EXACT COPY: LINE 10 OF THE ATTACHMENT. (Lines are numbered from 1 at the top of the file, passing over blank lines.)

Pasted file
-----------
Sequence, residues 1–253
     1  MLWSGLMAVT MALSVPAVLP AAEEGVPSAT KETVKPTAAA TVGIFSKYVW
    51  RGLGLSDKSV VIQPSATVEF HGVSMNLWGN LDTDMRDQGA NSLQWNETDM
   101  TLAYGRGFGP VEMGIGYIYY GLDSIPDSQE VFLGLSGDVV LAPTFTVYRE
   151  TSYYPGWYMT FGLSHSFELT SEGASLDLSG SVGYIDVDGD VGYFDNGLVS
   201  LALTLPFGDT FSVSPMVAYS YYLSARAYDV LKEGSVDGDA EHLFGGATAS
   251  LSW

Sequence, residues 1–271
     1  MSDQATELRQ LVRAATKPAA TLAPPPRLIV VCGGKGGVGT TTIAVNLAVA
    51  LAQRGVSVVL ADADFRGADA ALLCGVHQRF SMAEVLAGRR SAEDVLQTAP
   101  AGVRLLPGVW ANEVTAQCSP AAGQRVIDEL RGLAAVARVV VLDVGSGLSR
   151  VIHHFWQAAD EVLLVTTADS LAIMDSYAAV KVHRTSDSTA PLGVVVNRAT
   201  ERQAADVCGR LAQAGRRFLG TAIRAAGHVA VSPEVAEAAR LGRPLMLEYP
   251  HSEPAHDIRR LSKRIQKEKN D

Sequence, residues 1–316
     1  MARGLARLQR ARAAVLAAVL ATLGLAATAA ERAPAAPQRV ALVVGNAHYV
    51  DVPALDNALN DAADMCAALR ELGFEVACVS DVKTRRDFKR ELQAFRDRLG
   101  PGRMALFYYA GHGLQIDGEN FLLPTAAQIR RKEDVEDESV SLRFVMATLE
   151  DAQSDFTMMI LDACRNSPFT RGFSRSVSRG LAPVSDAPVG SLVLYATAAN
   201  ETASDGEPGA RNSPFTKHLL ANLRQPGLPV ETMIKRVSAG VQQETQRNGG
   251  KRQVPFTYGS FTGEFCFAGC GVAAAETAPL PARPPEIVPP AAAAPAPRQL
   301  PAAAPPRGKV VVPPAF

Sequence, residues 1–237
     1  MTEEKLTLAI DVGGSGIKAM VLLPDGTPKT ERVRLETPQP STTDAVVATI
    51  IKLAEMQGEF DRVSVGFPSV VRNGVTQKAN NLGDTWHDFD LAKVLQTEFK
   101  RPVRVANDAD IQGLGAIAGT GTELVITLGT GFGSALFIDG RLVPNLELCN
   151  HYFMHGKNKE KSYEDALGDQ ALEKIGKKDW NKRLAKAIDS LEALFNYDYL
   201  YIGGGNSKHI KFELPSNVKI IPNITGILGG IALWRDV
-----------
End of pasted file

    51  LAQRGVSVVL ADADFRGADA ALLCGVHQRF SMAEVLAGRR SAEDVLQTAP